Booze. Netflix. A chocolate fix. Self-care is important, but sometimes it turns into self-destruction. Keep an eye out for these scenarios.
I’m a big advocate of self-care because if you don’t take care of yourself, who will? Plus, if you’re a giver or caretaker without giving back to yourself, you’ll eventually burn out, which helps no one. Self-care is not selfish!
But sometimes, our attempts at self-care are closer to self-destruction. Do any of these scenarios sound familiar?
1. Letting yourself give in, such as by hitting your favorite restaurant, grabbing takeout, or eating a bowl of popcorn on the couch and calling it dinner because you feel too tired or stressed to cook. When you frequently use food as a reward for making it through the day, you’re unlikely to make food choices that support total well-being. Possible solutions include:
• Batch cooking when you have the time and energy, or at least having leftovers to reduce the number of nights you cook.
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• Developing a repertoire of a few nutritious dinners that you can prepare with little time or effort.
• Listening to music (or a podcast) that you love while you cook.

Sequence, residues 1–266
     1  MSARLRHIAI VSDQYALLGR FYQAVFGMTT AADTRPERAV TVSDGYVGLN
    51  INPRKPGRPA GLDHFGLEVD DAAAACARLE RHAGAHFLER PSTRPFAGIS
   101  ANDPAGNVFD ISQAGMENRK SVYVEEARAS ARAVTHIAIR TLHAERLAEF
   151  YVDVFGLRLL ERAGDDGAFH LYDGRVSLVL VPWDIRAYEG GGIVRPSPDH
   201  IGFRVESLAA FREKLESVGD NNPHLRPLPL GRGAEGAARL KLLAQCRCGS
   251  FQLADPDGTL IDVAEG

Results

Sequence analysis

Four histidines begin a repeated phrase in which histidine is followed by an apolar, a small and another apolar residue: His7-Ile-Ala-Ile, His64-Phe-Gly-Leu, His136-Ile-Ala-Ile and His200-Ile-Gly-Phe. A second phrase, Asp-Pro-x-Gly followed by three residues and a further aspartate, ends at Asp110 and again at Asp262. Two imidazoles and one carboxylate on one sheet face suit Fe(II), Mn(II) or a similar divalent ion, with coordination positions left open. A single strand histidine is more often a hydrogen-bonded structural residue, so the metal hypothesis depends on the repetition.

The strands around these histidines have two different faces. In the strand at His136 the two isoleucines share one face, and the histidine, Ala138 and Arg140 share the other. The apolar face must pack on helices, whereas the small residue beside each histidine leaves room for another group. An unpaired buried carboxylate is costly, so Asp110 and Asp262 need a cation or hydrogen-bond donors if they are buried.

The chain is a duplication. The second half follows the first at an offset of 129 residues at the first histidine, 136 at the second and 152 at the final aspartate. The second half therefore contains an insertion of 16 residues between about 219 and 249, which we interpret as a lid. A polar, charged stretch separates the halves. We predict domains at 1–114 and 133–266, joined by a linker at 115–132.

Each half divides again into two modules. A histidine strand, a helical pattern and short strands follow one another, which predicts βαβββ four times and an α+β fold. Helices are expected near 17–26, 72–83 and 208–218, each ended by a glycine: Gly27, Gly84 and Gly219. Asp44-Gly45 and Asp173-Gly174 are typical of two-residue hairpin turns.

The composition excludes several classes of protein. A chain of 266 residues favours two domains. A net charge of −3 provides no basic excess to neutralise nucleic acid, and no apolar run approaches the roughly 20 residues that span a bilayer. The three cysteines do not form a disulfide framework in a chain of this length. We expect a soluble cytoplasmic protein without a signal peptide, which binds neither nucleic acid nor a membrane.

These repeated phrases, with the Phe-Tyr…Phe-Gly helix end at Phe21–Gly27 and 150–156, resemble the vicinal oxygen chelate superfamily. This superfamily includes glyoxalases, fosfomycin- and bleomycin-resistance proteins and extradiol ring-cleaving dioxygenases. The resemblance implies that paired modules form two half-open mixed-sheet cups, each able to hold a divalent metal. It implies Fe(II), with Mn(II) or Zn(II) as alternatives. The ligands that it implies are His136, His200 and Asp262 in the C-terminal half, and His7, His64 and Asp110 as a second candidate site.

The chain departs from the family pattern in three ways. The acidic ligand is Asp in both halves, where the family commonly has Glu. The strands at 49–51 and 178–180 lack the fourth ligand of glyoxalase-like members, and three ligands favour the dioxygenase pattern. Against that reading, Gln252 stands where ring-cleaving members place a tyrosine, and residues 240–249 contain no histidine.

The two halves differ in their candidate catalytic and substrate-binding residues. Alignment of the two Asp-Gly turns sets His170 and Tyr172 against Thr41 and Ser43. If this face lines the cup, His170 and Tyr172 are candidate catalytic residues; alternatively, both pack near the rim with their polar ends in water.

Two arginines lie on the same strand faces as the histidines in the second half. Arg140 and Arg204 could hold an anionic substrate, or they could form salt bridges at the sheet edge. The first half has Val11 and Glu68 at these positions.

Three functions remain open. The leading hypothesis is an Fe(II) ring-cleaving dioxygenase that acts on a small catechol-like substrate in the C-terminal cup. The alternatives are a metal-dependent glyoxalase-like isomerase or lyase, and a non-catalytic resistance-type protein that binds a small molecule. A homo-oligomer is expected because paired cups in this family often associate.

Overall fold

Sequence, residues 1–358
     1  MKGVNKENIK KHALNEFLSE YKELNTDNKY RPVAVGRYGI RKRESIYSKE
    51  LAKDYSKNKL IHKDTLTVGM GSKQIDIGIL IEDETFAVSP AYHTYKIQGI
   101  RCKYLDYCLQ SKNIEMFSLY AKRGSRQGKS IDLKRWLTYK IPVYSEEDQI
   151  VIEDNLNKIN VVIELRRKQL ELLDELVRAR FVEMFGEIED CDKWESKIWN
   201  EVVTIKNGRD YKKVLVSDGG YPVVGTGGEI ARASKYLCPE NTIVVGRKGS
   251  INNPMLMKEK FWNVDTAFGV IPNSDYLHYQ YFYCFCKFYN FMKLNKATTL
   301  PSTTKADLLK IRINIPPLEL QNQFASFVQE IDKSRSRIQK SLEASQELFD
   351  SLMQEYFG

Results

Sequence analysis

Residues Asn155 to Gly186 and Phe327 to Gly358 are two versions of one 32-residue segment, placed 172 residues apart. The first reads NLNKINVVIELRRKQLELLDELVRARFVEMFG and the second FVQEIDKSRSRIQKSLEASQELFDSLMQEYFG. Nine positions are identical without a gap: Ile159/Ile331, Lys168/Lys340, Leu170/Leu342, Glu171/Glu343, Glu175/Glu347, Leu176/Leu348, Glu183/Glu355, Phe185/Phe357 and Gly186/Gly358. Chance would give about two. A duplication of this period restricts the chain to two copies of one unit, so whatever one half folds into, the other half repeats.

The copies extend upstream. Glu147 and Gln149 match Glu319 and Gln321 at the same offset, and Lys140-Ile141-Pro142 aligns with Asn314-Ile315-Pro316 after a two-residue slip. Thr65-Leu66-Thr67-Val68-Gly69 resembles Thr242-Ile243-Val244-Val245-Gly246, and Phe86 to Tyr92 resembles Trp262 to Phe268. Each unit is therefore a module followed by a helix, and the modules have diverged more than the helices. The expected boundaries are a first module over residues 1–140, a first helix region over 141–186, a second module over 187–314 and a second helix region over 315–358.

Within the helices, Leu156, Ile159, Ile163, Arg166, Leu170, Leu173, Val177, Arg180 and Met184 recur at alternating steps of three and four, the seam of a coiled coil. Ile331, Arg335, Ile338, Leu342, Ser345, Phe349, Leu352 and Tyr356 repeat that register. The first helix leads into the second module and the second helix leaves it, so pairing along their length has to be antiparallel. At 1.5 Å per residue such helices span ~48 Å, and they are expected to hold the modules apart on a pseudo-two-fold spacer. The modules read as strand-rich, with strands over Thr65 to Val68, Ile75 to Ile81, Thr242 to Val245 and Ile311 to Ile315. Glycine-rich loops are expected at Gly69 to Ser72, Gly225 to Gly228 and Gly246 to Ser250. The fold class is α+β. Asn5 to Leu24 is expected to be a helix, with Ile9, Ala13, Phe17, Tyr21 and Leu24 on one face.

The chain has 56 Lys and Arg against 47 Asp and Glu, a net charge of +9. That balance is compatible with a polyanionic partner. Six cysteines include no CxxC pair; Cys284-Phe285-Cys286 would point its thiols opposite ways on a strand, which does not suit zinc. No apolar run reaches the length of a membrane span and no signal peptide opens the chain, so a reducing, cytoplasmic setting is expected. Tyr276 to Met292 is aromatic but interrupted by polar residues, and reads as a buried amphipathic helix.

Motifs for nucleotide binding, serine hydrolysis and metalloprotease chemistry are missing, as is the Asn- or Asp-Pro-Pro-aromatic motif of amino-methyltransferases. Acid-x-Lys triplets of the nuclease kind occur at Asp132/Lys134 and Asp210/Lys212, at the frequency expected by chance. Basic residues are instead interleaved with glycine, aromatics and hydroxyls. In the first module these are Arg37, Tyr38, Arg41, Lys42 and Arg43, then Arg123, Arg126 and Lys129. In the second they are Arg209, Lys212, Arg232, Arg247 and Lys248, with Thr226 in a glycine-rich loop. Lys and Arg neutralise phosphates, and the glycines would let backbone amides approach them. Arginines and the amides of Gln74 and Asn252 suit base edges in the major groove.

• Planning a restaurant visit toward the end of the workweek. This gives you something to look forward to, plus you can make a more informed — and less impulsive — decision about what to eat.
2. Using food as a reward for exercising, or “allowing” yourself a certain food with the promise of doing extra exercise. One of the best things you can do for your overall health and well-being is to uncouple food and activity. Food is food, activity is activity. Make food choices that serve you well, and pick the types of activity that help keep you strong, flexible and energetic.
3. Automatically acting on cravings. When you have a craving for chocolate, do you tend to tell yourself that you need chocolate?…